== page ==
SEO is a huge part of the internet, which is why a lot of stock is put into things like King Kong SEO reviews and whatnot. However, the field is always developing, and changing, which is why updates are needed on a regular basis. The internet might just need a big update, as Google recently announced that they’ll have mobile first indexing for its sites.
On March 5, 2020, Google posted on its Webmaster Central Blog that it’ll be switching to mobile-first indexing for all websites by September 2020. According to the tech giant, most of the sites that have popped up in their search results are good for mobile-first indexing, with 70% of them have moved over. This change will be implemented until the announced date, as the company will work to move sites to mobile-first indexing as they find systems that are ready.
Reportedly, this will result in an increase in Googlebot’s site crawls while the company updates their index to the mobile version of websites. The process has been going on for a while now, and will continue until completion. Once all sites have been moved to the mobile index, however, Google will still use the traditional desktop Googlebot, but most of the tech giant’s web crawling will be handled by its mobile smartphone user-agent.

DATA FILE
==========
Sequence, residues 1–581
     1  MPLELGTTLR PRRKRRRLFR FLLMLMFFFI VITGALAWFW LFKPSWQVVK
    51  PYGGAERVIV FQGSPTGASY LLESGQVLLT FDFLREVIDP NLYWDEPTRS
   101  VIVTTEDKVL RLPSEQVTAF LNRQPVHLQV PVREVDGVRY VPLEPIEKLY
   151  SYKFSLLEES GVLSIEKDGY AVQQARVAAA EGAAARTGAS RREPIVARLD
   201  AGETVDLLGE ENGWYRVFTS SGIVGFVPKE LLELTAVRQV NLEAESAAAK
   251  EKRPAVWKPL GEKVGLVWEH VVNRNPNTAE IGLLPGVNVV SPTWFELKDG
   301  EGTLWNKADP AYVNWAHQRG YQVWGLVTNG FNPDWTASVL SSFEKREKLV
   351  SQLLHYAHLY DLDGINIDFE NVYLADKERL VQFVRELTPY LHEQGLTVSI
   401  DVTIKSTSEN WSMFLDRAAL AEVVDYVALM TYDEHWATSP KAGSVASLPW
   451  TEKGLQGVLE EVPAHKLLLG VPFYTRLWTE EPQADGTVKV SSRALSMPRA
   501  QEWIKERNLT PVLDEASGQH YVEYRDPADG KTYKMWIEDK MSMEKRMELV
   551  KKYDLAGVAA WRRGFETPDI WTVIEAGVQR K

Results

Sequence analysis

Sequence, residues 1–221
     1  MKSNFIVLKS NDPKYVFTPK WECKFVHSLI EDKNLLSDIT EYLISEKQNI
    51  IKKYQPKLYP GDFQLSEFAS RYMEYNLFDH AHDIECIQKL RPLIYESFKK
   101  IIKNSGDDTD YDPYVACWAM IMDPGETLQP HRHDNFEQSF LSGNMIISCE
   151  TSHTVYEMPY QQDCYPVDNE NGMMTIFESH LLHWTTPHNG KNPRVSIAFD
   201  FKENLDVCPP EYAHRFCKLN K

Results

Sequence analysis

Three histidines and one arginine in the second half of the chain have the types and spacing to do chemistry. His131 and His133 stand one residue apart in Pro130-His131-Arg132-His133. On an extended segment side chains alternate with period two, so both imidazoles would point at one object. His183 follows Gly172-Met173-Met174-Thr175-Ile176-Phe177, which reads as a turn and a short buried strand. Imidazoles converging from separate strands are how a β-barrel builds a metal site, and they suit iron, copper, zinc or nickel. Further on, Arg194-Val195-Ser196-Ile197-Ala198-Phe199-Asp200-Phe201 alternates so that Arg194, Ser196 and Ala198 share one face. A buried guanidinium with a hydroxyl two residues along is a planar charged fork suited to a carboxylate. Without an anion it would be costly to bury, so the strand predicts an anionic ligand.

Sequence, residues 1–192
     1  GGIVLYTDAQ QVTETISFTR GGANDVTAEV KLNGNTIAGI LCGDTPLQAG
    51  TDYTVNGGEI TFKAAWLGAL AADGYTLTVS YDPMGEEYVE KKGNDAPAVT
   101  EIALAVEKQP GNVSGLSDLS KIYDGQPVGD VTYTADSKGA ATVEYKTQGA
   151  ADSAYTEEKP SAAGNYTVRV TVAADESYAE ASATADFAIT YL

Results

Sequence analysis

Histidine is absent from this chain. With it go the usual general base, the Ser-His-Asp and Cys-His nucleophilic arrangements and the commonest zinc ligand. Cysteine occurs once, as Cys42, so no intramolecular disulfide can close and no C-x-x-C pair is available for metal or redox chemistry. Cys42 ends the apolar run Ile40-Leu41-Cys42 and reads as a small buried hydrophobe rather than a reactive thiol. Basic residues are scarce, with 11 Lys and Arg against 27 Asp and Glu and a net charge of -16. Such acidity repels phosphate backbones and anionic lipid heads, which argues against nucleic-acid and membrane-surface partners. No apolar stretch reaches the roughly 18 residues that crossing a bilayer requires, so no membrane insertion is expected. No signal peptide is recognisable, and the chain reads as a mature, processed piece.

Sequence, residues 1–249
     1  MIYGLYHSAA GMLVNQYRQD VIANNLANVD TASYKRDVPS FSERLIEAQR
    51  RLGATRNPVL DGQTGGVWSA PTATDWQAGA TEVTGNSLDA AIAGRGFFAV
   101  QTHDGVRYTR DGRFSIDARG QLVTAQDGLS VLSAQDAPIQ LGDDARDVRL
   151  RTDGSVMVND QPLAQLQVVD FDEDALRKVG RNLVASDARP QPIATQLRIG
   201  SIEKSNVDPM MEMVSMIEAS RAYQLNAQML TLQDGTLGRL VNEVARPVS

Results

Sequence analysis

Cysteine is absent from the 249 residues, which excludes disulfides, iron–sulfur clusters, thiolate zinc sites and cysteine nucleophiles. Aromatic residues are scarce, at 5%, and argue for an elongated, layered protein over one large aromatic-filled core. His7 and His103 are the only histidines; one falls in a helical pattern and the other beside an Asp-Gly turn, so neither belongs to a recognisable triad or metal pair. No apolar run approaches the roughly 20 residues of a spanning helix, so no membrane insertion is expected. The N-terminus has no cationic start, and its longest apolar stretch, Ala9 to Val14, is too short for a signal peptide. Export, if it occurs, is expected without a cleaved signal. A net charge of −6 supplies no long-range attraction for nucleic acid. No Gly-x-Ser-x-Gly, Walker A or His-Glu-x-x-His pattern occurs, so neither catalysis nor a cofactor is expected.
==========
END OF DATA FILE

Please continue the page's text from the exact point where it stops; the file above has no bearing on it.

The mobile-first indexing process was started by Google way back in 2016, and has been working continuously, making the September 2020 more a finale than anything. A lot of companies have been looking at King Kong SEO reviews and the like to ensure they’re still up to par, while Google, for their part, have sent notices to sites that haven’t been moved, telling website owners about any mobile-first indexing issues their site might have.
Website owners are now under a schedule to change and update their sites, as these changes with Google’s SE crawling will result in changes in indexing and ranking across the internet.
Google also put forward some recommendations for mobile websites, saying that avoiding separate mobile URLs (m-dots) is a good idea, due to the issues and confusion that this leads to, both for users and search engines.